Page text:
In vivo neuroprotective role of astrocyte mitochondrial metabolism during aging

Project: Research project

Project Details


DESCRIPTION (provided by applicant): Astrocytes play a key role in the protection and maintenance of the brain. Neuronal glutathione levels (GSH) are rapidly depleted during oxidative stress, and its re-synthesis is dependent on astrocyte GSH production. These physiological functions requires that astrocytes be capable of rapidly increasing their metabolic activity. During aging, little is known about the cumulative effects of oxidative damage on astrocytes. Degradation of their supportive and neuroprotective functions is likely to contribute to the aging process. Evidence is presented showing that astrocyte neuroprotection is diminished with age. It is also demonstrated that astrocyte resistance to oxidative stress and neuroprotection can be enhanced by activation of a purinergic receptor (P2Y-R) signaling pathway in cultured astrocytes as well as in whole animal models. This enhanced protection pathway appears to be dependent on increased mitochondrial function in astrocytes. The long-term goal of this proposal is to understand the role of astrocytes in the maintenance and protection of the brain during aging. The overall hypothesis is that neuroprotection can be enhanced by increasing mitochondrial metabolism in astrocytes at anytime during the aging process. The following Specific Aims are proposed to test this hypothesis. 1) To determine the mechanism by which purinergic receptor (P2Y-R) activation in astrocytes increases neuroprotection in the living mouse cortex throughout aging. 2) To define the impact of mitochondrial ROS damage on P2Y-R mediated astrocyte neuroprotection during the aging process in vivo. 3) To non-invasively delineate the receptor dependence of Ca2+ stimulated mitochondrial metabolism in astrocytes for in vivo neuroprotection during aging. Young, middle-aged and old mice as well from animal models with dysfunctional mitochondria and altered antioxidant enzyme activity will be used to carry out these aims. Single and mutliphoton microscopy will be used to image changes in mitochondrial and cellular function in vivo. Small animal fluorescent imaging will be used to monitor the progression of focal cerebral infarcts (strokes) in living mice brains. These studies are important to understand the underlying mechanisms of aging in humans. The identification and characterization of a novel protective pathway in the brain, which can be activated throughout the aging process, will also serve as an attractive therapeutic target to address many neuropathological processes.Accumulation of oxidative damage to astrocytes is likely to degrade their supportive and neuroprotective functions and significantly contribute to the aging process. Data collected from this research will help to identify and characterize novel protective pathways in astrocytes that can be activated to protect the brain during aging. These pathways should also serve as an attractive therapeutic targets to address many neuropathological processes, including stroke and dementias.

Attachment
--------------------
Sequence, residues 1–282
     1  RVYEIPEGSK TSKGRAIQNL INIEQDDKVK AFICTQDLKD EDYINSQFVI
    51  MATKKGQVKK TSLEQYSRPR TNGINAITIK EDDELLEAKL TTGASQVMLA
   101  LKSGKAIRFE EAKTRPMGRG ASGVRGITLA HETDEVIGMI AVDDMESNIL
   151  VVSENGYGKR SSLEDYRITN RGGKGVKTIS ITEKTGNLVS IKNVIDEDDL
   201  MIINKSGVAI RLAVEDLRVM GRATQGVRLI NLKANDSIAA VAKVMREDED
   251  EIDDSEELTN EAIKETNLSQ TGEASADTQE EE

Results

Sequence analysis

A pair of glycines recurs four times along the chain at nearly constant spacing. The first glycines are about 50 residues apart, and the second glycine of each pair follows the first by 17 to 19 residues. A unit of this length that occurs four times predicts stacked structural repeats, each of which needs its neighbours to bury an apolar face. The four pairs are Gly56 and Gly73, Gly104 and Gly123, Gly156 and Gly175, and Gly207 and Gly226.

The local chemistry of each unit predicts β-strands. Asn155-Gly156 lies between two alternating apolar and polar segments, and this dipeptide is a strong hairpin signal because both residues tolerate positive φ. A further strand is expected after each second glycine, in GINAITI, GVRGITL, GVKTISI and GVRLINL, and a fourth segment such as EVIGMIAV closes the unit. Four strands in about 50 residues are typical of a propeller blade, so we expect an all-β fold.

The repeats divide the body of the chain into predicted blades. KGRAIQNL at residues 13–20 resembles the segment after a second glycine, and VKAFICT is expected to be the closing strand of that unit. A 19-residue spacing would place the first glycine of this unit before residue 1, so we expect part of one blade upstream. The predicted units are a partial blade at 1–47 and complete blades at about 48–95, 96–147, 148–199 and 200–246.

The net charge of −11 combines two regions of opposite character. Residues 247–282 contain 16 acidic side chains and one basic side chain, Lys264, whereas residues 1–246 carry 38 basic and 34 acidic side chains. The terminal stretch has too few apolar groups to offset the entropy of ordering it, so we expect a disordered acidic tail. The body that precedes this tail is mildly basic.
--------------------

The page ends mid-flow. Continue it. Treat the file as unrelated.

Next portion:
Effective start/end date3/15/081/31/14


  • National Institutes of Health: $271,243.00
  • National Institutes of Health: $273,598.00
  • National Institutes of Health: $249,036.00
  • National Institutes of Health: $260,718.00
  • National Institutes of Health: $273,060.00
  • National Institutes of Health: $260,718.00


  • Medicine(all)


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